Like many who take this view, Berger paints a picture of an institution where “the pious are dumb and the intelligent are not pious.” Beyond the claim that homosexuality and the church’s manipulation of it is a big part of what makes the church go round, there is a richness of detail in his argument that the church would lose nothing and gain much by embracing its progressive side and surrendering its blind faith in its own power.

Especially irksome to his distractors is the fact that in leaving the conservative camp, Berger, the neo-Thomist, wants to take Thomas Aquinas with him. He points out that Thomas was a man of forward looking ideas, not a blind follower of authority, that he stressed “the thing (itself) must speak, not the person.” A non-literalist reading of Thomas, Berger insists, would enable one to appreciate his original contributions while also recognizing his limitations as a man from a prescientific age.

Over and over again whether in dealing with the details involving the priest scandal in the German-speaking world, at St. Pölten, the prestigious Canisius-Kolleg prep school in Berlin, Ettal and elsewhere, or with reasons homosexually inclined men enter the church in large numbers, Berger attempts to show how a lack of openness is dishonesty plain and simple, and how that dishonesty is eating the church out from inside.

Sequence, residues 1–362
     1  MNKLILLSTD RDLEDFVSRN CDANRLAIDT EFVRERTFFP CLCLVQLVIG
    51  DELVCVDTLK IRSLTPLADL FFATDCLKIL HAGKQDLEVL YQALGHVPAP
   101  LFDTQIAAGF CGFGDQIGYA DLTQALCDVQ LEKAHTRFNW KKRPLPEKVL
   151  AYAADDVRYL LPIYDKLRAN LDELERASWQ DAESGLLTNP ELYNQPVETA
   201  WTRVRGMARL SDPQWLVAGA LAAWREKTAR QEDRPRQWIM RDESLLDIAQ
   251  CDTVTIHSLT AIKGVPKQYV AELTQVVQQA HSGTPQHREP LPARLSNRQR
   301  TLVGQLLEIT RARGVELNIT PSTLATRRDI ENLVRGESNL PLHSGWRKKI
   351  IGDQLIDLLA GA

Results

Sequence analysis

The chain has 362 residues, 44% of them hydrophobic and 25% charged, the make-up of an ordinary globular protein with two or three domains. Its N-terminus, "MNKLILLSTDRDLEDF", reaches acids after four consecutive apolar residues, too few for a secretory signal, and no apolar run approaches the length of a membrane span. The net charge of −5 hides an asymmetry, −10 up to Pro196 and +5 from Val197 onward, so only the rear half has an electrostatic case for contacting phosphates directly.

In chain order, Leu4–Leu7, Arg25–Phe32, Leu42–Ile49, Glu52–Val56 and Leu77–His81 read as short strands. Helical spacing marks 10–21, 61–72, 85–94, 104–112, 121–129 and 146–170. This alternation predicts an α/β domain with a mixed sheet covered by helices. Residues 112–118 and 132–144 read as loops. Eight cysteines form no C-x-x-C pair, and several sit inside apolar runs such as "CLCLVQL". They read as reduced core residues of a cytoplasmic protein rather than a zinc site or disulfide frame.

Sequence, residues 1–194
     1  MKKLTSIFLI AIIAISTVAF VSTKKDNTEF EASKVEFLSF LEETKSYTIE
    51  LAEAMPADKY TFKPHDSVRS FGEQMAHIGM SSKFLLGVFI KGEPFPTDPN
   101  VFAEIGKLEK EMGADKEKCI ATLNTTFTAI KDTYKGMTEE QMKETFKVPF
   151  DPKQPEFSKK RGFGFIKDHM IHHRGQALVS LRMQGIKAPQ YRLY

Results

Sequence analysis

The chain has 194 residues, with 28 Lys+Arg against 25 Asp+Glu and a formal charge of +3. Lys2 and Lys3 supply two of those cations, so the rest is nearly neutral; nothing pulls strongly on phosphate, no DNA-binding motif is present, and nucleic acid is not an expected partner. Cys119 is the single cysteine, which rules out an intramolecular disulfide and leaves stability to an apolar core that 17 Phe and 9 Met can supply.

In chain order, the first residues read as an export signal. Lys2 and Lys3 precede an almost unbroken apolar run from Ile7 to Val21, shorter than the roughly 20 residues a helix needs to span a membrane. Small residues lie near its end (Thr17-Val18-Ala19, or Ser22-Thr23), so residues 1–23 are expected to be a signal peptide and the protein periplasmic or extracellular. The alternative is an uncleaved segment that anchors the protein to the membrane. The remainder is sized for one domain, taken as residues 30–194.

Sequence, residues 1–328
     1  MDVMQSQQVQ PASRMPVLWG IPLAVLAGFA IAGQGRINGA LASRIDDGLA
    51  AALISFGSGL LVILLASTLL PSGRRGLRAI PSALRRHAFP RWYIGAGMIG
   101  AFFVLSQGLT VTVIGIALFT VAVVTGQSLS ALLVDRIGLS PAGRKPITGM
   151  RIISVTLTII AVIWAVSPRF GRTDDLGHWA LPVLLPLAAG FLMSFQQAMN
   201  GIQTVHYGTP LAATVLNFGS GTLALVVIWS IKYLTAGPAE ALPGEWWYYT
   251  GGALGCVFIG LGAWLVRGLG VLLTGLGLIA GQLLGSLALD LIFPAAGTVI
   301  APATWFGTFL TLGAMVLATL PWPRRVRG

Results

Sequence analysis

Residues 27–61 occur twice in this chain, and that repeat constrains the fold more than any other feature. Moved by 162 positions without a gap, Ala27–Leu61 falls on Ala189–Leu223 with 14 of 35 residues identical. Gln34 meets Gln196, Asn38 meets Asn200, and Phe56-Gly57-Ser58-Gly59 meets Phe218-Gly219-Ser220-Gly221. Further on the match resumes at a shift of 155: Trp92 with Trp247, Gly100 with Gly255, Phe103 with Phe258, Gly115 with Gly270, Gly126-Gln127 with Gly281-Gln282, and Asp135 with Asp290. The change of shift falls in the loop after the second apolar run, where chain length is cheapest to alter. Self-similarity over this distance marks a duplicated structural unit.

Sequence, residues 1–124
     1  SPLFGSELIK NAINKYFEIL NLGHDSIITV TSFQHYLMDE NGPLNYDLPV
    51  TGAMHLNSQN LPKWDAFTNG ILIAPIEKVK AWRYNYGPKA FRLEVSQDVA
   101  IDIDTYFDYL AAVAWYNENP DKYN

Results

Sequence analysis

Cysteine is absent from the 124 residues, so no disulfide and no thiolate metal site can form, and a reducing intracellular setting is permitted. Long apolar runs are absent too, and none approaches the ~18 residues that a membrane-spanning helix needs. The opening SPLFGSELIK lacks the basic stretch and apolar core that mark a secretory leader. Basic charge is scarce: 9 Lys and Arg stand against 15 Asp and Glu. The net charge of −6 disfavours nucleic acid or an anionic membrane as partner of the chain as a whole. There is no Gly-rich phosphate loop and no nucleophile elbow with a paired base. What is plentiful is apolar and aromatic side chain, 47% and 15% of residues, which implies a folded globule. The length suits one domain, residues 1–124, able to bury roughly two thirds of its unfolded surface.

Many homosexually inclined men are drawn into the institution because it provides a place where the vow of chastity relieves them of the burden of explaining their sexuality to themselves and others. Others come seeking the benefits of a warm and welcoming brotherhood and the status it provides those who have lived their lives in a Catholic culture. Still others are drawn in because of a love of the traditionalist esthetic, the art, the ritual, the costumes, the pageantry. The church may like to think that its priests have “given their (hetero)sexuality” to God, but there is ample evidence, says Berger, that that narrative is more imagined than real and the motivations more complex. Once in, they discover there is a don’t ask/don’t tell policy in place and as long as they play along, they will get along. Many project their shame onto others and become the church’s strongest defenders of its homophobic policies.